Intrinsic factor

Intrinsic factor

Gastric intrinsic factor (vitamin B synthesis)
Rendering based on PDB
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PDB Ortholog search: PDBe, RCSB
Identifiers
Symbols  ; IF; IFMH; INF; TCN3
External IDs GeneCards:
Orthologs
Species Human Mouse
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Intrinsic factor (IF), also known as gastric intrinsic factor (GIF), is a glycoprotein produced by the parietal cells of the stomach. It is necessary for the absorption of vitamin B12 (cobalamin) later on in the small intestine.[1] In humans, the gastric intrinsic factor protein is encoded by the GIF gene.[2]

Haptocorrin (also known as HC, R protein, and transcobalamin I, TCN1), is a glycoprotein secreted by the salivary glands which binds to vitamin B12. Vitamin B12 is acid sensitive and in binding to transcobalamin I it can safely pass through the acidic stomach to the duodenum. Here in the less acidic environment of the small intestine, pancreatic enzymes digest the glycoprotein carrier and vitaminB12 can then bind to intrinsic factor. This new complex is then absorbed by the epithelial cells (enterocytes) of the ileum. Inside the cells, B12 dissociates once again and binds to another protein, transcobalamin II (TCN2). The new complex can then exit the epithelial cells to be carried to the liver.

Contents

  • Site of secretion 1
  • Clinical significance 2
  • Treatment 3
  • References 4
  • Further reading 5
  • External links 6

Site of secretion

The intrinsic factor is secreted by the stomach. It is present in the gastric juice as well as in the gastric mucous membrane. The optimum pH for its action is 7 and it is inactivated at temperatures above 45 °C. It does not necessarily run parallel with the amount of HCl or pepsin in the gastric juice. So in some cases, the intrinsic factor may be present even if there is no HCl or pepsin or vice versa. The site of formation of the intrinsic factor varies in different species. In pigs it is obtained from the pylorus and beginning of the duodenum. In human beings it is present in the fundus and body of the stomach.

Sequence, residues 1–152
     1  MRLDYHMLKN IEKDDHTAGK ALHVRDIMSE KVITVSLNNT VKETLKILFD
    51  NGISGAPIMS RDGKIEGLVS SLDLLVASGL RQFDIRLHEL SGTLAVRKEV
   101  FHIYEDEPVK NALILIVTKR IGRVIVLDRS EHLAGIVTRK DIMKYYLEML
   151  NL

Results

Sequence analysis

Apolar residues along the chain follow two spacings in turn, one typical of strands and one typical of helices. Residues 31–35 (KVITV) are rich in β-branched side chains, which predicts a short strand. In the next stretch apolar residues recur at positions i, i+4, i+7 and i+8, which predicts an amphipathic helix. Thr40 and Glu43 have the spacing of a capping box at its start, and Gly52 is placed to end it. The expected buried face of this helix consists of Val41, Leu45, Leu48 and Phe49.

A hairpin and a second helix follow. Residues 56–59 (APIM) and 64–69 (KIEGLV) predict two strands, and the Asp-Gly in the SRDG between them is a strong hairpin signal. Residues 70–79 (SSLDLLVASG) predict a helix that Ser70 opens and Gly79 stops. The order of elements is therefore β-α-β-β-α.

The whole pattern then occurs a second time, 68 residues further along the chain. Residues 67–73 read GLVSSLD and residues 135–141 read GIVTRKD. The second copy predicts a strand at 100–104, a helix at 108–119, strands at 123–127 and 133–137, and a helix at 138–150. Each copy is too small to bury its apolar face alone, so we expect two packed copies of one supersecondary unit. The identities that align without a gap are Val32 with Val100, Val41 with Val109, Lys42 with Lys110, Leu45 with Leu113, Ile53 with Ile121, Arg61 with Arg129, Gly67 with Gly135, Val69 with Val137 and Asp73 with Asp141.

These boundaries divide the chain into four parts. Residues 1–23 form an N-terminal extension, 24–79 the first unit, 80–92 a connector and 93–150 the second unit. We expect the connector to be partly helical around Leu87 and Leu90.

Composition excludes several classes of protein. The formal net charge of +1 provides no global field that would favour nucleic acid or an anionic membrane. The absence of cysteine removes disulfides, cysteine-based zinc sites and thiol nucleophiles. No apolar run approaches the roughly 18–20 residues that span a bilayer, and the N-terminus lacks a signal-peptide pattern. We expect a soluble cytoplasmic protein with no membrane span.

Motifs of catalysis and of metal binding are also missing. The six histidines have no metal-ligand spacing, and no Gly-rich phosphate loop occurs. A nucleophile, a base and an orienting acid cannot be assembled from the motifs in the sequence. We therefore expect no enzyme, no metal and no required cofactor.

The limited amount of normal human gastric intrinsic factor limits normal efficient absorption of B12 to about 2 mcg per meal, a nominally adequate intake of B12. (Watanabe F. Vitamin B12 sources and bioavailability. Exp Biol Med (Maywood) 2007;232:1266–74. [7])

Clinical significance

In pernicious anemia, which is usually an autoimmune disease, autoantibodies directed against intrinsic factor or parietal cells themselves lead to an intrinsic factor deficiency, malabsorption of vitamin B12, and subsequent megaloblastic anemia. Atrophic gastritis can also cause intrinsic factor deficiency and anemia through damage to the parietal cells of the stomach wall. Pancreatic exocrine insufficiency can interfere with normal dissociation of vitamin B12 from its binding proteins in the small intestine, preventing its absorption via the intrinsic factor complex.

Other risk factors contributing to pernicious anemia are anything that damages or removes a portion of the stomach's parietal cells, including bariatric surgery, gastric tumors, gastric ulcers, and excessive consumption of alcohol.

Treatment

Patients experiencing an insufficiency in their intrinsic factor levels cannot benefit from a low dose oral vitamin B12 supplement, because it will not absorb through the wall of the small intestine. However, sublingual B12 supplements overcome this problem. Historically, the disease was thought untreatable before the discovery that it could be managed with daily uptake of 300 g raw liver pulp (Nobel Prize in Physiology or Medicine 1934 to Whipple, Minot & Murphy). Unlike other water-soluble vitamins, vitamin B12 is stored in the liver. The high dose of vitamin B12 thus ingested allows enough of it to be taken up passively. As more and more potent liver extracts became available this repugnant treatment became unnecessary, improving the life quality of the patients. Today, synthetic vitamin B12 can be injected monthly, thus bypassing the digestive tract altogether.